Title IX: What you need to know…

Title IX was created in 1972 to require gender equity in all educational programs that receive funding from the government.

One of the largest aspects of Title IX is athletics, and most accusations involving Title IX involved gender equity in athletics. The Department of Education and the Office for Civil Rights are responsible for assuring that athletic programs stay in compliance with Title IX. If athletic programs do not stay in compliance with Title IX, they could lose some or even all of their federal funding.

According to the U.S. Department of Education, athletic programs have three ways to comply with Title IX called prongs. A program is in compliance with Title IX when they pass one of these three prongs.

Prong three deals with student interests and abilities. According to the U.S. Department of Education, this prong calls for the interest and abilities of male and female students to be equally and effectively accommodated. Schools can do this by surveying the underrepresented sex, and then adding the sports based on the interest returned.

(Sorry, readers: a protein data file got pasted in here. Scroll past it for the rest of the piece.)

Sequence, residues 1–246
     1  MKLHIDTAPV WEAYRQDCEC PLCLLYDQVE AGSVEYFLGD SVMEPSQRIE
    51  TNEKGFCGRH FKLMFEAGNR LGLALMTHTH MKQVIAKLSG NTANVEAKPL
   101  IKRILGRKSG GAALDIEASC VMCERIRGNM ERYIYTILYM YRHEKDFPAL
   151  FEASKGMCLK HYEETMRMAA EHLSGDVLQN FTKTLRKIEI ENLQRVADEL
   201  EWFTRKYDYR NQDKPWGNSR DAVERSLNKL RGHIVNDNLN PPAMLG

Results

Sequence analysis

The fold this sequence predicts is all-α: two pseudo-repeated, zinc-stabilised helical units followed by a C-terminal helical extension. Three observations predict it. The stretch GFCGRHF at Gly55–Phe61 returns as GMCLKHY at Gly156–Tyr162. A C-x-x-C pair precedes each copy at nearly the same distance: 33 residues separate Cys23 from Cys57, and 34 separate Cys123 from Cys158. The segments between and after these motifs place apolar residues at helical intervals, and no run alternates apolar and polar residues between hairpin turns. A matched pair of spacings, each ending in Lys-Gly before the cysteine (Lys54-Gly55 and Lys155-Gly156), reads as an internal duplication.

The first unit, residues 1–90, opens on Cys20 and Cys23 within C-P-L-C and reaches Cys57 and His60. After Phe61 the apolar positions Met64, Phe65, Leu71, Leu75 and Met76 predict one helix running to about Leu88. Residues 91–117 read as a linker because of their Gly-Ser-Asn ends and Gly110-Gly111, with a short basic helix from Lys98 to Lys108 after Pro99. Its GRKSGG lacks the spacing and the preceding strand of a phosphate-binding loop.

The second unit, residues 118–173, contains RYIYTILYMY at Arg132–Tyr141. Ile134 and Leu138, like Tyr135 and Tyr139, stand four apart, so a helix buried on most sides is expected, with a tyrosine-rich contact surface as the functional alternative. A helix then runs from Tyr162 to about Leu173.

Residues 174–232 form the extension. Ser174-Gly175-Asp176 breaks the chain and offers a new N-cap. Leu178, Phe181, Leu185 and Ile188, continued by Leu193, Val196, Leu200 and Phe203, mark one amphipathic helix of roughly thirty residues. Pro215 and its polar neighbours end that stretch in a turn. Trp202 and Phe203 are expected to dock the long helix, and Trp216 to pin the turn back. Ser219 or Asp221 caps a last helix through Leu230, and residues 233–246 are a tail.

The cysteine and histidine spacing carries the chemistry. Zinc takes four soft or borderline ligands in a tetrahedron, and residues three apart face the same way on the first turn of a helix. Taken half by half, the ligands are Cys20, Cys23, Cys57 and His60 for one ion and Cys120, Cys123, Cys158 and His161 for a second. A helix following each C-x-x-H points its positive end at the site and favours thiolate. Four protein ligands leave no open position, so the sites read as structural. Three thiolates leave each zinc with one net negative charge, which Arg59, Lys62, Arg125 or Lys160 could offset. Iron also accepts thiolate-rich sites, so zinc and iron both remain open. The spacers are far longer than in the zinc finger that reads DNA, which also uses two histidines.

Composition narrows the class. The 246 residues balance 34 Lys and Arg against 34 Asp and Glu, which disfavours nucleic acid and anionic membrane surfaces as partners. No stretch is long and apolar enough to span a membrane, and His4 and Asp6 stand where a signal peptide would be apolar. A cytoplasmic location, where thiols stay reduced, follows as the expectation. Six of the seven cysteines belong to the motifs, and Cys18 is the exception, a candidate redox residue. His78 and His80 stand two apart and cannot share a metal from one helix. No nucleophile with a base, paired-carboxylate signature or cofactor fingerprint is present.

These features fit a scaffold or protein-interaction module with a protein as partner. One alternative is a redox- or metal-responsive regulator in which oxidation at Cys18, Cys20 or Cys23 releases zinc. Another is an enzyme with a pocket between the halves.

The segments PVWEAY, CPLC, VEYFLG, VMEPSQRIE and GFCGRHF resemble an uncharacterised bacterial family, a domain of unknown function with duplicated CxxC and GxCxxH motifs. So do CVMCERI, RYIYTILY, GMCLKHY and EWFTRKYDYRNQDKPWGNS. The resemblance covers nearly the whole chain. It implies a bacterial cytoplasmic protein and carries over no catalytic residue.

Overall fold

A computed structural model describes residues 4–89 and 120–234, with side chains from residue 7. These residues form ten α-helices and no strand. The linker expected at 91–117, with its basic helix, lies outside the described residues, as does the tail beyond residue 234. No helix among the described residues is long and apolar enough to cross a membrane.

Prong two involves historically adding sports to the underrepresented sex. This practice must have evidence of being continued through the program expansion. This prong usually is performed in tandem with the surveying method discussed in prong three.

Prong one, which Liberty University is moving towards, calls for a program to have proportional numbers of participation and enrollment. This means that the ratio of male to female students enrolled in the student body must equal the ration of male to female student athletes. Funding also has to be proportional.

Title IX applies to all high school and college athletic programs, from the smallest high school to the largest university. Just this week, the Office for Civil Rights announced an investigation of Yale University due to Title IX regulations.

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